Expert: This year's allergy season 'catastrophically bad'

It's intense, irritating, and everywhere: Allergy-triggering pollen is starting to hit Bay Area residents hard. If you feel miserable, you're not alone. Allergy season in the Sunshine State is one of the most miserable in the country.

Allergy experts say you can blame oak trees. As soon as you see those leaves drop, the plant starts to bloom and begin spewing tons of pollen into the air.

"They're bad; they're catastrophically bad," said Dr. Richard F Lockey, director of South Florida’s Division of Allergy and Immunology.

He tells us the frigid weather we had early this year kept the region's 11 different species of oaks from blooming. Once the heat came back, it happened all at once.

READ: Oak pollen counts predicted to be higher than normal in Florida

"Suddenly huge numbers of trees are blooming at one time, and I think it's going to be a shorter season but a much more violent season, there's going to be much more pollen in the air," Lockey said.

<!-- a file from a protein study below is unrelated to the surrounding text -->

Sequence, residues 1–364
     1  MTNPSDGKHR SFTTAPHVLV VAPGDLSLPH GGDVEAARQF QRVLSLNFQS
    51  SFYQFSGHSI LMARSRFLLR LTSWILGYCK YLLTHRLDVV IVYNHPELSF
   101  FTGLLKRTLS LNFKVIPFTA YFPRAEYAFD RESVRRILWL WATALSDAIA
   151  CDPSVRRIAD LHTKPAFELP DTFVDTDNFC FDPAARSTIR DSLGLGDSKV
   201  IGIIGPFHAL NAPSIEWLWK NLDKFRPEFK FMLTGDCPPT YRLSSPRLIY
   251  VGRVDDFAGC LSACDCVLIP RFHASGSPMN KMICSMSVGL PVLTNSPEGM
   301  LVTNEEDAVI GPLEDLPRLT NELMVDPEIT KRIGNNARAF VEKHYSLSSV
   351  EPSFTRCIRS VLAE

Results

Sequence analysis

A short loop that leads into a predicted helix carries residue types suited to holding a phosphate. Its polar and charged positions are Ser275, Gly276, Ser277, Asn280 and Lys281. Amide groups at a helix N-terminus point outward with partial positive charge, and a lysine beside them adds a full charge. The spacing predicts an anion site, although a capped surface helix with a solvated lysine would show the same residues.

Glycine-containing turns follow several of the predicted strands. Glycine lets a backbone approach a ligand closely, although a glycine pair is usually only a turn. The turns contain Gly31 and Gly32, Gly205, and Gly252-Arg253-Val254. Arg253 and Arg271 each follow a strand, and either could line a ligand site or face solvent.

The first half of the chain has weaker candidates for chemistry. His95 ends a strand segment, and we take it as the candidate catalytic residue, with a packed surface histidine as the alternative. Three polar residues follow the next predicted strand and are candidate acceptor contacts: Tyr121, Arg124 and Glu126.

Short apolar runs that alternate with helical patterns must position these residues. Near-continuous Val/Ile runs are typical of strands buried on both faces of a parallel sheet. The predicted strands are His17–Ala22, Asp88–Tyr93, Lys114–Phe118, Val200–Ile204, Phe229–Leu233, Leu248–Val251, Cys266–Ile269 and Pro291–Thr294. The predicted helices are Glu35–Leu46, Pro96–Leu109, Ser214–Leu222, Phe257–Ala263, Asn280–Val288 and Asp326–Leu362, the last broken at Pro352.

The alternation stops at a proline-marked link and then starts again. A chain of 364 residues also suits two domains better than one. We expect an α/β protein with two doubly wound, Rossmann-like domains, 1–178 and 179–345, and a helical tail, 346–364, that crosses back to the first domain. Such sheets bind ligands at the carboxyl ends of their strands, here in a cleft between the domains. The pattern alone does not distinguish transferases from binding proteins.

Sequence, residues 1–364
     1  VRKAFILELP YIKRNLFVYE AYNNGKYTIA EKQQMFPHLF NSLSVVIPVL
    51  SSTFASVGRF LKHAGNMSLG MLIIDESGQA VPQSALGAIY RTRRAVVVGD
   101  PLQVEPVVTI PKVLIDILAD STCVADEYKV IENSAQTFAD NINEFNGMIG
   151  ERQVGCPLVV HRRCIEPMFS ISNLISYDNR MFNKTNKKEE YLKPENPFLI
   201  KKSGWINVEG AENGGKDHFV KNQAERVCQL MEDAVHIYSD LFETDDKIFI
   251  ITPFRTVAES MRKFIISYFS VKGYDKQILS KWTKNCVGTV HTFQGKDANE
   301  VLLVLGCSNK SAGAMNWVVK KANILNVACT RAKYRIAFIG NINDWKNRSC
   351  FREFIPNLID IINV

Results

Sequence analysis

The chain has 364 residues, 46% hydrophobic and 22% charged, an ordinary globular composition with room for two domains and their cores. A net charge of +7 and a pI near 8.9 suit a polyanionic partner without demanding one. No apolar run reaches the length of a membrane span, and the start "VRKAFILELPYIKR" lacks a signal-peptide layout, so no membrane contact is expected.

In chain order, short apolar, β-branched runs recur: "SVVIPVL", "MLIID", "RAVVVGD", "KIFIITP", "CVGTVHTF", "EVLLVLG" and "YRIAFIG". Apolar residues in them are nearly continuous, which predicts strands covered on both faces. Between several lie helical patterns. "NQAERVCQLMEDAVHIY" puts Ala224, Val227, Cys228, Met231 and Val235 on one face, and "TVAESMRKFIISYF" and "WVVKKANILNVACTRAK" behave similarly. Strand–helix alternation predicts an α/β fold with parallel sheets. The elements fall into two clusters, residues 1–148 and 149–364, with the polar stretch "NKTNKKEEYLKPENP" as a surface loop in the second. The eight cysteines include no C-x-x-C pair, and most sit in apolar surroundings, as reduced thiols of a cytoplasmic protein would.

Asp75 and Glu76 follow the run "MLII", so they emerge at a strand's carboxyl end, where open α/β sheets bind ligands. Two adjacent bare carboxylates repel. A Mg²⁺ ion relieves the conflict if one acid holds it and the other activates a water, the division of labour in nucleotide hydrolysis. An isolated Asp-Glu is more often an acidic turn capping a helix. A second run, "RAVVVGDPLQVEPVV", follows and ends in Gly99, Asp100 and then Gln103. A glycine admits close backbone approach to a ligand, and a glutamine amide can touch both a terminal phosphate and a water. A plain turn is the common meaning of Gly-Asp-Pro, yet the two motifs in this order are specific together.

A device on the roof of a building at USF collects pollen particles so researchers can count how many are blowing around in the air.  It's the yellow dust that makes you sneezy and congested.  Right now, that pollen count is way up.

"You need 10 pollen particles to cause a problem, and we get sometimes up to 6,000," said Lockey.

In fact, the Tampa region gets some of the highest pollen counts in the world.

If you're an allergy sufferer, there is more bad news: Things will likely get much worse before you get some relief.  Lockey says the pollen numbers are still going up, and you could see symptoms sticking around as late as May.

"I definitely feel a lot more stuffy and it's kinda irritating,” Christina Kilmartin said. “My eyes get a little watery. Yeah, it's kind of a pain."

If you have pollen allergies, doctors recommend trying to stay indoors, keeping the windows to your car and house closed, and taking over-the-counter meds. If that doesn’t bring you any relief, you may need to see an allergist.